A laryngectomy (lair-un-JECT-uh-me) will change your body in 2 ways. First, your larynx or voice box will be removed. Because of this, you will need to learn a new way to speak.
Second, your nose and mouth will be permanently separated from your windpipe (trachea) and lungs. You will now be breathing through a new opening in your neck called a stoma (STOH-ma). You will also have a red rubber tube (catheter) in your stoma. This tube will be at the site of your speech prosthesis.
These diagrams illustrate what your body is like before and after surgery.
Before your surgery
Your doctor may ask you to have tests done before surgery. These tests include blood work, x-rays, or an EKG (electrocardiogram). The tests you need depend upon your age and medical history. Not all patients have the same tests. Your doctor’s staff will tell you if this testing will be done in the doctor’s office or in the hospital.
You should avoid taking aspirin or ibuprofen for 7 to 10 days before surgery.
A staff member will call you before your surgery. He or she will tell you what time to arrive at the hospital, where to park, and where to report.
Do not eat or drink anything after midnight the night before your surgery.
Day of surgery
You may brush your teeth in the morning, but do not swallow any liquid. You may be instructed to take certain medicines in the morning, but do so only with the smallest amount of water. You will put on a patient gown when you arrive at the hospital. An IV (intravenous) needle will be inserted into a vein in your arm. You will receive fluids through your IV during and after your surgery.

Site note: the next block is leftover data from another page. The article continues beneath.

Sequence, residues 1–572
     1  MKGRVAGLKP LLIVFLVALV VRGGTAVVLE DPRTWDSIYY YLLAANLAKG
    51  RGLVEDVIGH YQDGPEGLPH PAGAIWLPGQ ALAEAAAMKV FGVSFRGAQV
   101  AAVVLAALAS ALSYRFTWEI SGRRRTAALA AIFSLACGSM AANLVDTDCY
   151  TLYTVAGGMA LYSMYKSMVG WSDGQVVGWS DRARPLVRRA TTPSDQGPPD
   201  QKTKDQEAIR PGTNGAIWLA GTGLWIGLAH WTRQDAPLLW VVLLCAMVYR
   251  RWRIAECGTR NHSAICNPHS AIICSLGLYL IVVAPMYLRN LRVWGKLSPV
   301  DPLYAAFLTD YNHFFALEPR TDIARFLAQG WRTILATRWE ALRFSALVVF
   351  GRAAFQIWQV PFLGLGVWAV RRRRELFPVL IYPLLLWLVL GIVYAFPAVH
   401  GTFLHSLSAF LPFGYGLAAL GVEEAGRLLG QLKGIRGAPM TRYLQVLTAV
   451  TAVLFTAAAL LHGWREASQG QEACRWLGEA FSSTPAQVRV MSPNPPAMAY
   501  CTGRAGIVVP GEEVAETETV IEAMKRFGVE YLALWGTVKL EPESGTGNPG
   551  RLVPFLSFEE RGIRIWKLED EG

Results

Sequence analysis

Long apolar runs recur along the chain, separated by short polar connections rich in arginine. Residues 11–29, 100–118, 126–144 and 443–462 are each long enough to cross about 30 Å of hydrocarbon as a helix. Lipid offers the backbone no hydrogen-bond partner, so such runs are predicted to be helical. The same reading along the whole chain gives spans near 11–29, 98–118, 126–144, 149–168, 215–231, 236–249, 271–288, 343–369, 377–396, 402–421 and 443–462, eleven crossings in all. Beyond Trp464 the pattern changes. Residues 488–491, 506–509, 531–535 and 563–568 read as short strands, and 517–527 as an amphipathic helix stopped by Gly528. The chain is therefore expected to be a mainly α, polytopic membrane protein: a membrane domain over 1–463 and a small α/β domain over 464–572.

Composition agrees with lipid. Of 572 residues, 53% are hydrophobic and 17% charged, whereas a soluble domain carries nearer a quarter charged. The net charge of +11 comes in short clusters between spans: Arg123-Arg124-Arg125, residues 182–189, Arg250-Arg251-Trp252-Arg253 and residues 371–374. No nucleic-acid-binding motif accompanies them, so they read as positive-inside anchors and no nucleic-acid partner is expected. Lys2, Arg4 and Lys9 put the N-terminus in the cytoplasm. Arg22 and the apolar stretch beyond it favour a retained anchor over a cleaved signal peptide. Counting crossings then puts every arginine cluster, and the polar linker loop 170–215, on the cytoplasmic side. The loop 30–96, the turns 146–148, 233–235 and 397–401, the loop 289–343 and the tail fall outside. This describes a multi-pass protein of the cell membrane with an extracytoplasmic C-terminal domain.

What to expect after surgery
You will be moved to the recovery room after your surgery. Your family will be told when your surgery is over. You will spend 1 to 2 hours there, depending on how quickly you wake up from the anesthesia. When you are awake, you will be moved to your room on the Head and Neck Surgery Unit.
When you are in your room, you may be connected to a machine that monitors your heart (cardiac monitor). You also will be placed on a pulse oximeter, a small device that looks like a clothes pin, which monitors the oxygen in your blood.
You will have a temporary tube in your throat called a trach (TRAKE) tube, which you will breathe through. Trach is short for tracheostomy, (TRAKE-e-os-toe-me) which means a hole in your windpipe.
Coughing and breathing after surgery
Since you have had general anesthesia, it will be important for you to do coughing and deep
breathing exercises. Your nurse and a respiratory technician will show you how to do these exercises. Coughing and deep breathing will help keep your lungs clear after surgery. Mucus production is normal, and you can expect to cough up mucus through your trach. It is normal for the mucus to have blood in it. Your nurse and respiratory tech also will be removing mucus from your trach. You will have a hand-held suction device to remove saliva from your mouth and mucus from around your trach. A misting oxygen mask over your trach will make it easier to breathe by producing moisture, which helps thin your mucus.